Additional officers will provide safer conditions in the jail and relieve the stress currently put on all divisions. Adopting the "Bridge Program" will start to save the taxpayers money almost right away. The numbers Sheriff Hammond has provided are solid. As the higher paid officers retire after 25 years of service, the ranks will open up to hire more new officers. As new officers come in, those who have earned it will be promoted to fill the ranks in CID. The positions stay filled and manpower is kept at safe levels.
It is now in the hands of the County Commission. I ask only that the politics be pushed aside and that this issue be given fair consideration. The men and women of the Hamilton County Sheriffs Office deserve a safe work environment and a decent retirement after 25 years of service.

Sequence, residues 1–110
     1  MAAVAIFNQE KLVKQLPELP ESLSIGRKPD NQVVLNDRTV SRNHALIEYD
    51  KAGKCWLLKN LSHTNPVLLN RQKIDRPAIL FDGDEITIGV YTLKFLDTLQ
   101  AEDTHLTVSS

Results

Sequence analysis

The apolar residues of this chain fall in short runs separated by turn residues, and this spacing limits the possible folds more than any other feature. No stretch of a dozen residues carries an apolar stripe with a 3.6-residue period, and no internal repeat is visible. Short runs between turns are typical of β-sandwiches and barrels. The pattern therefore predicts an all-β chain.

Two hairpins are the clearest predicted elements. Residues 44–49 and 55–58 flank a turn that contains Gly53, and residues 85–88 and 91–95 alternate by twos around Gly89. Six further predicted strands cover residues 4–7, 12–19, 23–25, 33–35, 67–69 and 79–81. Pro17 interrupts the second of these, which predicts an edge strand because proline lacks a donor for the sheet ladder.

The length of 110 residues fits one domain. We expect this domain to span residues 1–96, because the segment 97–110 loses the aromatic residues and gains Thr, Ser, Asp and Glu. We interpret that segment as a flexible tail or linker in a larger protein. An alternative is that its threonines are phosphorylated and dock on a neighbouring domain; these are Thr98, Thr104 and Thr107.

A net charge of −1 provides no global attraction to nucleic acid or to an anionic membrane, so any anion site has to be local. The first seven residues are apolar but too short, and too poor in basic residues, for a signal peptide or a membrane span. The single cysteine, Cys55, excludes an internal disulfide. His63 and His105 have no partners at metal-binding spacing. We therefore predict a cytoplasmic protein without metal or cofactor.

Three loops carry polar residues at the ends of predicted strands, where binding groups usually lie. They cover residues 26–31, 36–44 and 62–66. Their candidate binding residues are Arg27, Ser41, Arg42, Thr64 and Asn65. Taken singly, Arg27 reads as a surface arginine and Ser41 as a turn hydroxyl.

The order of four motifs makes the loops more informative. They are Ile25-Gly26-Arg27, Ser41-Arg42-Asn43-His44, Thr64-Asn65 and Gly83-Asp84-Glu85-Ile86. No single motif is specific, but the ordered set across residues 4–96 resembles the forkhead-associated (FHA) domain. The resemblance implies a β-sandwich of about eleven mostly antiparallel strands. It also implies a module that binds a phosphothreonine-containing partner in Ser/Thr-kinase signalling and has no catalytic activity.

I agree with Sheriff Hammond and Detective Gienapp. This is the right thing to do.
Detective Anthony Wilson
20 years service
Hamilton County Sheriffs Office Fugitive Division